Why the Rich Get Richer and the Poor Get Poorer

An investment in knowledge pays the best interest. – Benjamin Franklin

The secret is a simple one: Education. I’m not talking about going to Harvard or some elite university. I’m not even talking about a Masters or a PhD degree. I’m talking about fiscal education. The rich are rich because they know how to manage money. They know how to put it to work and make it grow. By contrast, the poor know only debt. How to get into debt and how to get deeper into debt. Money management is taught in the school of life, not the universities.

The rich and poor just think differently about money. The rich think in terms of assets and liabilities. It’s one of the few enlightening things Robert Kyosaki has said in all his books and seminars: Assets put money into your pocket, liabilities take money out of your pocket.

The poor buy things they cannot afford with money they have yet to earn and focus on low monthly payments, ignoring the aggregate cost of the interest over the life of the loan.

The rich buy things they can pay for outright with the money they have saved or generated from their streams of passive income. When they do take out loans, they are for things that have a greater return than the cost of the loan. The rich take loans to start personal businesses that yield tax advantages and returns on that money that a large screen HDTV bought on a credit card at 19% interest doesn’t provide.

Most of those considered rich in America earned their wealth. Only 3% inherited it. Some fall into it, but never really learn to manage it. I’m thinking of celebrities like M. C. Hammer, or Ed McMahon. The vast majority of Millionaires are small business owners, or investors.

Look at Warren Buffet. He is one of the richest men in the world and he started from humble beginnings. He was not born into wealth, but he was born into a family that provided him with the essential element to becoming wealthy: knowledge. His father was a stock broker, and Warren learned to think about money the way the rich do at an early age.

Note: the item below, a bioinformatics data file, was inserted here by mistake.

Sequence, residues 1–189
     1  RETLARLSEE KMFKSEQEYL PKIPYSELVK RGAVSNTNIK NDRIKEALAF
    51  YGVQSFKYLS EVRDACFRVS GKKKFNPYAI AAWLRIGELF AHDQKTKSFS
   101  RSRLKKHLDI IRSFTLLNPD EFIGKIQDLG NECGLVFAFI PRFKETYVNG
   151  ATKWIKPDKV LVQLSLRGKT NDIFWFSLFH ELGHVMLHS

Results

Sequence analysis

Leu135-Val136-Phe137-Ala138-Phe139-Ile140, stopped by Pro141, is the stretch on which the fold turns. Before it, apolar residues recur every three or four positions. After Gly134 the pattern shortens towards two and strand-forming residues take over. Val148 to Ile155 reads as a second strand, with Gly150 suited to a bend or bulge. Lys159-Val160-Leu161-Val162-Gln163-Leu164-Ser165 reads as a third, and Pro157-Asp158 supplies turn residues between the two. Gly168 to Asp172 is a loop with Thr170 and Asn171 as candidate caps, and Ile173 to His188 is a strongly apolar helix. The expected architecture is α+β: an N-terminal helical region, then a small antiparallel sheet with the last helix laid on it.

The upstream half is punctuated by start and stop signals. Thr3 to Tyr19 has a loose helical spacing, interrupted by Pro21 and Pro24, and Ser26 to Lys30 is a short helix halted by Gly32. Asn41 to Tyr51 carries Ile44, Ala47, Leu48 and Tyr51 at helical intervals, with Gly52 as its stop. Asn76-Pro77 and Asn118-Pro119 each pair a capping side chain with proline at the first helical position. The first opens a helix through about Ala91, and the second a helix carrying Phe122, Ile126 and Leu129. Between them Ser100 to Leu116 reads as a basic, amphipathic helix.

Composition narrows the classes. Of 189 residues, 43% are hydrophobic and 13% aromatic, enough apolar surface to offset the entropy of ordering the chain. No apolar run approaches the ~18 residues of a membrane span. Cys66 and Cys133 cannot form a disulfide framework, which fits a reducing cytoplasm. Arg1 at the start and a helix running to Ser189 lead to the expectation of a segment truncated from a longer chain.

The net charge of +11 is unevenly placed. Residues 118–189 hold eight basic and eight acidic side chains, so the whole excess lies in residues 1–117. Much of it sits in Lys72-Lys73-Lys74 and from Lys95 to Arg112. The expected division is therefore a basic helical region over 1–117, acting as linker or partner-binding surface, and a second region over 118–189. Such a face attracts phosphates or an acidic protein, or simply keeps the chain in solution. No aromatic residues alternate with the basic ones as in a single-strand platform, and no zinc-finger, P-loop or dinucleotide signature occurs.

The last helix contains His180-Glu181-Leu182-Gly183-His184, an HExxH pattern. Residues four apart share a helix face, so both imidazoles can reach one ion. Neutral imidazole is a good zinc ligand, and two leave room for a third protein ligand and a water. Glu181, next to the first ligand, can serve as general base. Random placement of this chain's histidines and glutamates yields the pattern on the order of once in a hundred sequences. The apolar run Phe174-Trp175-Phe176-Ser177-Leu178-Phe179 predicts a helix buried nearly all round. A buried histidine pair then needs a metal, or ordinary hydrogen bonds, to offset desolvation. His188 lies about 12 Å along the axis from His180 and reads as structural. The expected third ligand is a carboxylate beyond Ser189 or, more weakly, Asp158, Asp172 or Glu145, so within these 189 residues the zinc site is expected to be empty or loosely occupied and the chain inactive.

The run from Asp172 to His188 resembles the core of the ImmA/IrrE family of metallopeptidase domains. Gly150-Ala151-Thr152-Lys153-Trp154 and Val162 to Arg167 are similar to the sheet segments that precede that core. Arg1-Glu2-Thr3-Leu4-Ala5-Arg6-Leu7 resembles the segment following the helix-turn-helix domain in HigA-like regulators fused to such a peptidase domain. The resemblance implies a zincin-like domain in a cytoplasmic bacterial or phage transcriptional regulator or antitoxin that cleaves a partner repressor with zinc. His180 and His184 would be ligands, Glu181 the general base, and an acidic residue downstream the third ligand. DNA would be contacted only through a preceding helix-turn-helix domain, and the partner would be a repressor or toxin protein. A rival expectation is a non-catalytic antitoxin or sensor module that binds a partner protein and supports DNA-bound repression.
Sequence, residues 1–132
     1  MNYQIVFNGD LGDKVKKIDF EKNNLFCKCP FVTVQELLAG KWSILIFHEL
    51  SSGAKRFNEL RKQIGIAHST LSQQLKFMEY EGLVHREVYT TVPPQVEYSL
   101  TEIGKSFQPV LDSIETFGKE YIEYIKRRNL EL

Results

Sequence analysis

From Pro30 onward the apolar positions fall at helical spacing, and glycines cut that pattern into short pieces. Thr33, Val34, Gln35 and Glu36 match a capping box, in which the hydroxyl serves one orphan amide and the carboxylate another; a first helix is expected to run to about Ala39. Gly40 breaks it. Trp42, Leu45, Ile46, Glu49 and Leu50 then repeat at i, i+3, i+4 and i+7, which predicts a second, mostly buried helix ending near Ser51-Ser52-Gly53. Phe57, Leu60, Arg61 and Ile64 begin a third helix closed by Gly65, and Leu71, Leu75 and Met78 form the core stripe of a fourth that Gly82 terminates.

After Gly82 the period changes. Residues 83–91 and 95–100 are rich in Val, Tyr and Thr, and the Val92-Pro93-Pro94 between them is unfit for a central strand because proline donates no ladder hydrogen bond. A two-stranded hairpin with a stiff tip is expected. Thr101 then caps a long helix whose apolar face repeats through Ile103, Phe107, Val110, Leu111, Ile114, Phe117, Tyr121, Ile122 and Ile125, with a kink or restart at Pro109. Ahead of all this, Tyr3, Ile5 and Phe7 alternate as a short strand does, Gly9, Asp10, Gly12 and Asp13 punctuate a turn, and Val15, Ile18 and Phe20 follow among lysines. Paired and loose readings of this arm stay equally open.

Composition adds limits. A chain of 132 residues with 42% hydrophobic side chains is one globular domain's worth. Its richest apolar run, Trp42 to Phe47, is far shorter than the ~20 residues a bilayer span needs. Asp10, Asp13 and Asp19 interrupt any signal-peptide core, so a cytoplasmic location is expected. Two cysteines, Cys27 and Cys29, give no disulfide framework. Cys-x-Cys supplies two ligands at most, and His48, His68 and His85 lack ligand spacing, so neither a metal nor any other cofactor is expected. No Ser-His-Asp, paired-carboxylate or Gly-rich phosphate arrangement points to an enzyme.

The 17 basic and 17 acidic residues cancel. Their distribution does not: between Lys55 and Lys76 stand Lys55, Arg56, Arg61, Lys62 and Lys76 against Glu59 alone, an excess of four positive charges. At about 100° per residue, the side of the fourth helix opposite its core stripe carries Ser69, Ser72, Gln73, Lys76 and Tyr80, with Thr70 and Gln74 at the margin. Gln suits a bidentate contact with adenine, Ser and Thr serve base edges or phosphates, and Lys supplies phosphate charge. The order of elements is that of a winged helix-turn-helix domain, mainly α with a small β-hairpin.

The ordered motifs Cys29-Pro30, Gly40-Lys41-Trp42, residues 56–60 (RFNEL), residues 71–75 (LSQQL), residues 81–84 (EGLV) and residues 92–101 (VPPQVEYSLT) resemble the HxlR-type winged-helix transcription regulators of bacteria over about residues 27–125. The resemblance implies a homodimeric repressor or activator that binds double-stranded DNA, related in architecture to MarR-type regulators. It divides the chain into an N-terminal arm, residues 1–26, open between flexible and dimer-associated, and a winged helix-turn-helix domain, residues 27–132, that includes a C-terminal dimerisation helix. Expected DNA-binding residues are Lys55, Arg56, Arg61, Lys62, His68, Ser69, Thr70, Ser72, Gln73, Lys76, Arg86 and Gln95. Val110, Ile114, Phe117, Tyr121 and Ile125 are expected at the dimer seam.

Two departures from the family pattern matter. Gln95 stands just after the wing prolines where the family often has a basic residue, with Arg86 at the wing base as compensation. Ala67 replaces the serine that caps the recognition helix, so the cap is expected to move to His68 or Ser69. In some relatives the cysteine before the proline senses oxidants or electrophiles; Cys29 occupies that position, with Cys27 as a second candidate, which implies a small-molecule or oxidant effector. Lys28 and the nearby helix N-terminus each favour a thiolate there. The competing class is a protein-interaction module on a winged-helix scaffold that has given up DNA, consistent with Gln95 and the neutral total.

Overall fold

He mowed lawns and did odd jobs to generate earned income, and later put that money towards stock investments. He made mistakes early on, but he learned from them and started his own investment company and continued acquiring assets instead of liabilities. The rest is history.

Contrast that with any number of people you may have grown up with, or may work with or come across in other aspects of your life. The working poor.

I have a friend who lives alone and makes a fair wage. He’s consumed with consumerism. He spends most of his discretionary income on liabilities: Computer games, iPods, dinners and movies out, a cup of Starbucks every morning, a new car. I was guilty of this myself at one point. Then I started educating myself and it changed my entire view of money. Instead of thinking of that new PC game as “only $50”, I began to think of it as 1 share of Coke-A-Cola that would pay me dividends. No computer game would do that. I started thinking about the price of items in terms of stock price, yield and future return, instead of just the dollar cost of the item today. I saw all that “stuff” as something that would take my money instead of growing my money.

Here’s another secret of the rich: They work for passive income instead of earned income. Earned income requires direct effort to acquire, and is taxed higher than investment income. Factor in favorable tax treatment for owning a business and you have a much greater chance of building wealth.

Rich and poor are both states of mind as much as a state of finances. Which state would you rather be in?

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11 Responses to Why the Rich Get Richer and the Poor Get Poorer